After the attack at Pearl Harbor and the United States’ entry into the war, the use of civilian labor in war zones became impractical. The Navy therefore created Construction Battalions (from which the abbreviation C.B. became Seabees). John Wayne memorialized the Seabees in the movie The Fighting Seabees, in 1944. An excellent history of the Seabees contribution to the War effort can be seen here.

Michael DiCanzio (1911 - 1990) was a Seabee who served in the South Pacific. As an artist he was able to earn some extra money by drawing postcards for his buddies. He also drew postcards for his loving wife “Pat” that he sent home whenever possible. The post cards bear dates from May through August 1944

When Mike returned to the States he worked various jobs before he became a commercial artist, outside of Philadelphia, Pennsylvania. His education came at the Pennsylvania Academy of the Fine Arts, Philadelphia College of Art and Fleisher Art Memorial.

Even as a child, Mike was intrigued by the vast potential of the visual arts. At the age of eight he drew cowboy figures on his parents’ discarded piano rolls, the handiest available paper, that acted like comic strips when put into motion. He would stand behind the door of his bedroom in Brooklyn, New York and roll the pictures down the opposite side, charging his friends a penny in admission to their so-called first feature film. These early artistic beginnings emerged from a man who would later turn down a position with Walt Disney Studios as an artist/designer.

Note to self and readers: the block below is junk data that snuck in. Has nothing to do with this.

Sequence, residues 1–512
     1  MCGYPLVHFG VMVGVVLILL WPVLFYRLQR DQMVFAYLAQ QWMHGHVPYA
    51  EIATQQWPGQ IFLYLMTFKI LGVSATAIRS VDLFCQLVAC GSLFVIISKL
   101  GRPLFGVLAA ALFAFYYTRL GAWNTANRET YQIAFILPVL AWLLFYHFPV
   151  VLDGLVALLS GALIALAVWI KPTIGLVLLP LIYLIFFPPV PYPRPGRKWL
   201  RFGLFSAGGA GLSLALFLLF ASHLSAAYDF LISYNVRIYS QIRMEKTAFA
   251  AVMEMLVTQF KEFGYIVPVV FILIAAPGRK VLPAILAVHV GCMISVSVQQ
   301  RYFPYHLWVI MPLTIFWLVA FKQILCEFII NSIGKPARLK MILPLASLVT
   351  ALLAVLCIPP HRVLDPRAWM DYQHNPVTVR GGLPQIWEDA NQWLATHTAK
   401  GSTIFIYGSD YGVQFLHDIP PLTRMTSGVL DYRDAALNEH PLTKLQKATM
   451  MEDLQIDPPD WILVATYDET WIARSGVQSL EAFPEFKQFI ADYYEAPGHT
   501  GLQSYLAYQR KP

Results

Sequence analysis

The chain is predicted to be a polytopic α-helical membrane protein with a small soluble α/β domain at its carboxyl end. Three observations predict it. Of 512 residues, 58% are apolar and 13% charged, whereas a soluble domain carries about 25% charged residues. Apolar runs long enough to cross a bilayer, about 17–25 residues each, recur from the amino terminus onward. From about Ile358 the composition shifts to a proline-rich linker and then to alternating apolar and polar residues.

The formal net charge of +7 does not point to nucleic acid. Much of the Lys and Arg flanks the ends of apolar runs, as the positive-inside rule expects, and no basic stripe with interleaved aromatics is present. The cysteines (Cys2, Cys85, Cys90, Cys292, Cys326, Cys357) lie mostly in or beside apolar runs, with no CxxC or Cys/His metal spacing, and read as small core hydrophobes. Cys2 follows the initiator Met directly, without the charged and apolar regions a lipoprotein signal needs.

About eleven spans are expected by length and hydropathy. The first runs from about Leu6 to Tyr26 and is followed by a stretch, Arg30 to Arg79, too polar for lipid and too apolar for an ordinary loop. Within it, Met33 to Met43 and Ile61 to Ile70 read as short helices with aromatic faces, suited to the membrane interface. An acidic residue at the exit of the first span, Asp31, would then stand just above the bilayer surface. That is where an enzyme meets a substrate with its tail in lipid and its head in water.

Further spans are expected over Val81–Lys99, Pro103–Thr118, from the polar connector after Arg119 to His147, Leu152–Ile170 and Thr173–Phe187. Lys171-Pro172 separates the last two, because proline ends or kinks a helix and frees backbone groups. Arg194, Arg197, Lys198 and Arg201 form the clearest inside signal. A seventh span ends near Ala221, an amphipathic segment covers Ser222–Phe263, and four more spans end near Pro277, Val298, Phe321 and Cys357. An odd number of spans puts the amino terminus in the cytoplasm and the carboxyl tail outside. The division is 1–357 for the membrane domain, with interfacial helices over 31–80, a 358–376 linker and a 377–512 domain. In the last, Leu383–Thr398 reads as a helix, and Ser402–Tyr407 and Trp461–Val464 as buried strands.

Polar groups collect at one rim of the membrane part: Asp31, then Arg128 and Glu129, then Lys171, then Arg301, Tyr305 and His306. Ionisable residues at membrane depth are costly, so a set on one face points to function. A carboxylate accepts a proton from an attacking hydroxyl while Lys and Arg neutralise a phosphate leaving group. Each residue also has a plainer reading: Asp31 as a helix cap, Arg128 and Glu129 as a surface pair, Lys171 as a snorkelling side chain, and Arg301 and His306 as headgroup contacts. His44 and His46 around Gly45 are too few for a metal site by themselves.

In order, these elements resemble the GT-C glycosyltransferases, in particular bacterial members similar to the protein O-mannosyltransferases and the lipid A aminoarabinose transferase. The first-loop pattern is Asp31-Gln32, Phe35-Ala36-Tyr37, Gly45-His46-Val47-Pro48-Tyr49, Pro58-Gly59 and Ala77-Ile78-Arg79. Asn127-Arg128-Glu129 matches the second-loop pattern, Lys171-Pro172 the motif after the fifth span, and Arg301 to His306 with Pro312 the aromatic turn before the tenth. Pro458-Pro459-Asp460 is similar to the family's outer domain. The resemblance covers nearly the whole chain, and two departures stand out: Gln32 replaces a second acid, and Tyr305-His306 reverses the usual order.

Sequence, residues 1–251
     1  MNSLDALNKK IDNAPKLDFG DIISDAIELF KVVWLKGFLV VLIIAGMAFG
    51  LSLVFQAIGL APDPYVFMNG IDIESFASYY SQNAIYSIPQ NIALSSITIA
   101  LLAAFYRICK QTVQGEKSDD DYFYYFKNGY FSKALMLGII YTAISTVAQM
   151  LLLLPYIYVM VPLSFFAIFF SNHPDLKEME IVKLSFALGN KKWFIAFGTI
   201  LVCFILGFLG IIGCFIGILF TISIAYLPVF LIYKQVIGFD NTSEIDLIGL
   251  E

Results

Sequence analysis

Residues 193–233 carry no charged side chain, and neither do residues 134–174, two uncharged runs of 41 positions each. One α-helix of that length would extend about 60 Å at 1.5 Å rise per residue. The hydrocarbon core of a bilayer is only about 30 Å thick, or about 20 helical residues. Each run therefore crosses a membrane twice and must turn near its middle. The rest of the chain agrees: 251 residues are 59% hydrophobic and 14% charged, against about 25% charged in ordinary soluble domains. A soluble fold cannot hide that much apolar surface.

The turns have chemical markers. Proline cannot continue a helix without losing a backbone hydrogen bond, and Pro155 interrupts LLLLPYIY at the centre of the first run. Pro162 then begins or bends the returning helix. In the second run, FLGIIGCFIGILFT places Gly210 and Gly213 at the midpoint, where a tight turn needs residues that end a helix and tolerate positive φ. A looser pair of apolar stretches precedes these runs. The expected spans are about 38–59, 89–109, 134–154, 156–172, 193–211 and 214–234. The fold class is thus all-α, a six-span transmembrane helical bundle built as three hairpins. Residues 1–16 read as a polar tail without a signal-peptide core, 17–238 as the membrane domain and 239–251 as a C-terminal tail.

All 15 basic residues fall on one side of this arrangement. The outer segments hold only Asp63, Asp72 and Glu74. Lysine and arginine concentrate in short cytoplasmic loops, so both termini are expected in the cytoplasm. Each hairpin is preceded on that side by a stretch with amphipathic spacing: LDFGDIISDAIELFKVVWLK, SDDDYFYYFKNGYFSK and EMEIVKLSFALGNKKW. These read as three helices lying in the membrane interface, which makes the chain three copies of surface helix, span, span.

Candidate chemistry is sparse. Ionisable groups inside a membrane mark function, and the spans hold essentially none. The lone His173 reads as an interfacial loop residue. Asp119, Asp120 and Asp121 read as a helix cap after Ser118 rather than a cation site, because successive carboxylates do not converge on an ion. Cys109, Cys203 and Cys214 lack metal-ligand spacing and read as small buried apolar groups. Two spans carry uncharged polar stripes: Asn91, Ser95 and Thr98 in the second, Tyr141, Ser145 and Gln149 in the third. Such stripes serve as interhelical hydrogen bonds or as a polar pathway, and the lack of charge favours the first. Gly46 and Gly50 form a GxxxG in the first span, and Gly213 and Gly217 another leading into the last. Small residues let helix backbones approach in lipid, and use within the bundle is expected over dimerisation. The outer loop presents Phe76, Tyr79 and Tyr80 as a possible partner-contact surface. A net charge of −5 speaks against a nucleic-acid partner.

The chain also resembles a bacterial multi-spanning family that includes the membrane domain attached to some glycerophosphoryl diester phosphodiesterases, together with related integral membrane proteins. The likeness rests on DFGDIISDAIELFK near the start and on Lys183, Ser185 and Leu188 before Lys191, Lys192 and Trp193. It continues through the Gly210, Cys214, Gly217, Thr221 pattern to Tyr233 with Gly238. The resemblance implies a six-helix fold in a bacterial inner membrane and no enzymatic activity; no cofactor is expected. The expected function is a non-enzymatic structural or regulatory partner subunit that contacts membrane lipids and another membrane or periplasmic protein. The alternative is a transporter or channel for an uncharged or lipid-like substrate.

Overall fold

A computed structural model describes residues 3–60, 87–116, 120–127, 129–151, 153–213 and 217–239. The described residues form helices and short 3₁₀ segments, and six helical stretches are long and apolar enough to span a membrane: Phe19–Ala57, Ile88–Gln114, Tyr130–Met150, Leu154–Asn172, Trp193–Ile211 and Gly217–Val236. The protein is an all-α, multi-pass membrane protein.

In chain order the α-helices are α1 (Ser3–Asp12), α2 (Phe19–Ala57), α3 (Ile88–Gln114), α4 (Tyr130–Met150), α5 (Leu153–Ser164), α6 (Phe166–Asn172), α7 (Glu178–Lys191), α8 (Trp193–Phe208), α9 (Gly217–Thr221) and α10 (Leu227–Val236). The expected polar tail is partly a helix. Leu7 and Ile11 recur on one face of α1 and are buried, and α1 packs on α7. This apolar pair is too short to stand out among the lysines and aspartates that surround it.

By the time he was fifteen, he was sent by his parents to study with Philadelphia artist, Anthony Cucchi. He, later, recommended that the boy apply for further studies at the Pennsylvania Academy of Fine Arts. Following his graduation from the Academy, Mike longed for more knowledge of the world of advertising and sought out the Museum School, now the Philadelphia College of Art.

He eventually became an artist/designer for Mel Richman Advertising (Bala-Cynwyd, Pennsylvania), where he remained until he retired from commercial art. However, he continued with his fine art activity right up to his death in 1990.

Mike’s first love was always the fine arts. He received numerous awards and prizes for his paintings and had 15 one-man shows in museums, in National as well as invited exhibitions.

He presented his paintings in one-man and group shows at the Pennsylvania Academy of the Fine Arts, and National Academy of Design, New York, Allied Artists of America, New York, Brooklyn Museum of Art, Trenton State Museum, Newark Museum, Chicago Art Institute, University Art Gallery, Ruckers-New Brunswick, Newman Art Gallery, Philadelphia; Shelton Ham Art Center, Philadelphia; Woodmere Art Gallery, Philadelphia; Wallingford Art Center, Pennsylvania; Philadelphia Sketch Club; Di Vinci Art Alliance, Philadelphia; Wayne Art Center, Pennsylvania and the regional Council of Community Art Centers in Philadelphia.

Mike was a versatile artist and received numerous awards and prizes for his paintings. He did oil on canvas, oil on board, as well as oil on block. He did water colors, charcoal. The subject of his art included animals, landscapes, seascapes and portraits of common still life.

His work has been preserved by the family and is only now being released by way of giclee reproductions in collector limited edition printings.


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